In the example study, the atlas includes both location and orientation information for individual fiber tracts. To obtain fiber probability maps based on location alone, T1-weighted MR images were sufficient for nonlinear registration with the atlas. The inclusion of diffusion imaging data refines the maps and individualizes them for each subject. This refinement can be important in resolving ambiguity between proximal fibers with different orientations. FIG. 3 includes six diagrams 300, 302, 304, 306, 308, and 310 that collectively illustrate refinement of atlas-derived fiber ROIs with orientation information. In the diagrams shown in FIG. 3, diffusion orientations of voxels within fiber ROIs are plotted as line segments, overlayed on an axial slice of the FA volume for a control subject. Diagram 300 of FIG. 3 shows example atlas-derived fiber ROI (RFP>0.07, FA>0.15) for corpus callosum, shown in the full slice, with yellow rectangle marking the region shown in diagrams 302, 304, 306, 308, and 310. Diagram 302 shows example manually selected fiber track ROI (voxels with at least one streamline). Diagram 304 shows atlas-derived fiber ROI (same as in diagram 300). Diagram 306 shows atlas-derived fiber ROI, using location information only (RFP>0.10, FA>0.15). Diagram 308 shows corpus callosum fiber orientations from the example atlas for all voxels with RFP>0 diagram 308 does not show individual subject data, in contrast to diagrams 300, 302, 304, 306, and 310 which do show individual subject data. Diagram 310 shows atlas-derived fiber ROIs for left and right cingulum bundles. Because two fiber tracts such as the corpus callosum and cingulum are close to each other, the location probability maps overlap. The local orientations of these fiber tracts are roughly perpendicular to each other, which makes it possible to distinguish the two fiber tracts based on the fiber orientation atlas.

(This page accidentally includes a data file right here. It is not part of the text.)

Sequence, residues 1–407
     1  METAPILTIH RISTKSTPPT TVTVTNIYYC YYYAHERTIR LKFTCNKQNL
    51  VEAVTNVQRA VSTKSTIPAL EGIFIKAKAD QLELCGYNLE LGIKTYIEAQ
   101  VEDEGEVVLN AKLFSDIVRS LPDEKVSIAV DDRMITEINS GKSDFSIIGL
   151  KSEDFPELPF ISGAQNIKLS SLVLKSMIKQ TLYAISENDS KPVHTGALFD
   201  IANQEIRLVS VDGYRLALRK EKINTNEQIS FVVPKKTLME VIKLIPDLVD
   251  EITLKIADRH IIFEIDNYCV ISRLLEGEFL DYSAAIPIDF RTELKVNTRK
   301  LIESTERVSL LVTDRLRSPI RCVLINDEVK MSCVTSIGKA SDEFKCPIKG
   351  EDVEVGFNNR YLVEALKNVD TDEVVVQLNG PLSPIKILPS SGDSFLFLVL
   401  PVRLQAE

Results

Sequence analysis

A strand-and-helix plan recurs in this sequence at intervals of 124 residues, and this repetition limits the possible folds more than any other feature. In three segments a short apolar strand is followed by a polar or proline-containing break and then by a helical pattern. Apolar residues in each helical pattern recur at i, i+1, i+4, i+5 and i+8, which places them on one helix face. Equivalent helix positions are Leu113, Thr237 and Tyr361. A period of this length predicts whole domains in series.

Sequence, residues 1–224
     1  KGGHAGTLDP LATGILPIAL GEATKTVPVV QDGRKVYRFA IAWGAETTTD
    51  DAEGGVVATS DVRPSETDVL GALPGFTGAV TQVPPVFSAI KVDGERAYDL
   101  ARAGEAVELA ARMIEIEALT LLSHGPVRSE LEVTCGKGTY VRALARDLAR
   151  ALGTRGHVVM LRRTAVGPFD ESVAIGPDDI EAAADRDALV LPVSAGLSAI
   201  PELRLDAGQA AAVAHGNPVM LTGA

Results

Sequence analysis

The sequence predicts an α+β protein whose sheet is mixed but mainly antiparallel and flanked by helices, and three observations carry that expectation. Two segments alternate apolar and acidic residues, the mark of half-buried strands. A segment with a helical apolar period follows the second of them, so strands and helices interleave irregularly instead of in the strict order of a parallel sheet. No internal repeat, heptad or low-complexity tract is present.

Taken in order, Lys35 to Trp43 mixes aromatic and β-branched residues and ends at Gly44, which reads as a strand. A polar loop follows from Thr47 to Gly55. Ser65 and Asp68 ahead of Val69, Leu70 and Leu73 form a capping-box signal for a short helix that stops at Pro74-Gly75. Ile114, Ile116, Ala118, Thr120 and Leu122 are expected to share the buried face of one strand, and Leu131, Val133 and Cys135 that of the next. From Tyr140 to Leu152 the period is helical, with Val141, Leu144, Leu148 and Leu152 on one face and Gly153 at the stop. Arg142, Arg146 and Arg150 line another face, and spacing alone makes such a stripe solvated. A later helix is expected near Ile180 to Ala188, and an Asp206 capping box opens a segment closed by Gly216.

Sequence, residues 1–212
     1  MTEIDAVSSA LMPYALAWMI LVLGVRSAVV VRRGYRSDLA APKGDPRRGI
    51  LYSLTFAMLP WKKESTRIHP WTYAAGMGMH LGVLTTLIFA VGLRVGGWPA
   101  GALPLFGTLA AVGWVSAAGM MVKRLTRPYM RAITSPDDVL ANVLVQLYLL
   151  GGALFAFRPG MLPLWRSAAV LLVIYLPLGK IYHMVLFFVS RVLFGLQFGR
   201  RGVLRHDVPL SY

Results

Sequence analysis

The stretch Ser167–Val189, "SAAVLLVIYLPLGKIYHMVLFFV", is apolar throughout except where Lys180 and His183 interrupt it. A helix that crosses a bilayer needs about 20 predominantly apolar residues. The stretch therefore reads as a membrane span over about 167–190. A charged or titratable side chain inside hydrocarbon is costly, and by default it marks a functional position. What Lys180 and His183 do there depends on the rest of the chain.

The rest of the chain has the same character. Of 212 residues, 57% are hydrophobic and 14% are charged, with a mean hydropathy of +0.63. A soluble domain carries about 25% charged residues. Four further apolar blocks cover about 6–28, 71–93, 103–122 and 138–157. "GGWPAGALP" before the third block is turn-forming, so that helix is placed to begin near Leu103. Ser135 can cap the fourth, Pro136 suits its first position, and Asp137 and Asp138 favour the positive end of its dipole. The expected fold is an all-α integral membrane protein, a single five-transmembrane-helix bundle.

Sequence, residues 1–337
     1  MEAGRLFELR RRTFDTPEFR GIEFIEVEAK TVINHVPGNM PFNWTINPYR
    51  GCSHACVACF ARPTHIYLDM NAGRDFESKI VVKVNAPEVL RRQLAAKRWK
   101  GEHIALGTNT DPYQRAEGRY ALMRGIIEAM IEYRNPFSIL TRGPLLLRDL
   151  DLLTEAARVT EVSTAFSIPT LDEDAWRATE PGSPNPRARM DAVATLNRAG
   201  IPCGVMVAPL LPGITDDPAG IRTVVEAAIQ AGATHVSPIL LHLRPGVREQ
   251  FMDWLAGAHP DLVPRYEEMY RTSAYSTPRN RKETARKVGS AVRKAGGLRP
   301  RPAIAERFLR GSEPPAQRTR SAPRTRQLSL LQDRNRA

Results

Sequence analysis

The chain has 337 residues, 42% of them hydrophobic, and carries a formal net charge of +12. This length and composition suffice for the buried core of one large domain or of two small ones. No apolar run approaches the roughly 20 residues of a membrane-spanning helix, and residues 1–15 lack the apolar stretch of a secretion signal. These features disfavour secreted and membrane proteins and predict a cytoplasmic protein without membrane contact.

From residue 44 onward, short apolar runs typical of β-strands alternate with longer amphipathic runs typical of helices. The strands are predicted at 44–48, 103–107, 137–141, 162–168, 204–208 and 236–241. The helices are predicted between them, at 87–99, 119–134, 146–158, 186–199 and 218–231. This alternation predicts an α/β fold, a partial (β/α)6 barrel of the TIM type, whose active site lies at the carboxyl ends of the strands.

In the examples, the orientation information used in the atlas is first filtered by local neighborhood smoothing in individual subjects. For example, see FIG. 4. When two or more fibers occupy a single voxel, the estimated orientation may be dominated more by one fiber than the other, or may be more or less random. Furthermore, streamline fiber tracks may sometimes stray slightly into neighboring tracts. With orientation smoothing, the orientations are forced to be consistent with the overall trajectory of the fiber tract of interest, making it possible to distinguish between neighboring fiber tracts like the corpus callosum and cingulum. For example, see FIG. 3.

The described probabilistic atlas-based technique can enable fully automated identification of several major fiber tracts in individual subjects. This technique has been applied in example implementations to the study of temporal lobe epilepsy, comparing control subjects to left and right TLE patients. Other potential applications include studies of different patient populations, as well as studies of normal development and aging. The described technique does not require human intervention. Thus, large-scale studies of white matter fiber tracts can be made more practical and efficient and reduce or remove concern about potential inter-operator variability. In contrast to automated segmentation of subcortical structures using T1-weighted images, white matter fiber tract assignments are not mutually exclusive like the subcortical structure labels. That is to say, two or more fiber tracts may occupy the same voxel. The fiber atlas used in example implementations was constructed in T1-weighted space such that the fiber ROIs can be created in the same space as subcortical and cortical ROIs. Together, these techniques can provide an approach for efficiently obtaining ROI measures of tissue properties such as FA, ADC, T1, etc. for both subcortical structures and white matter fibers tracts.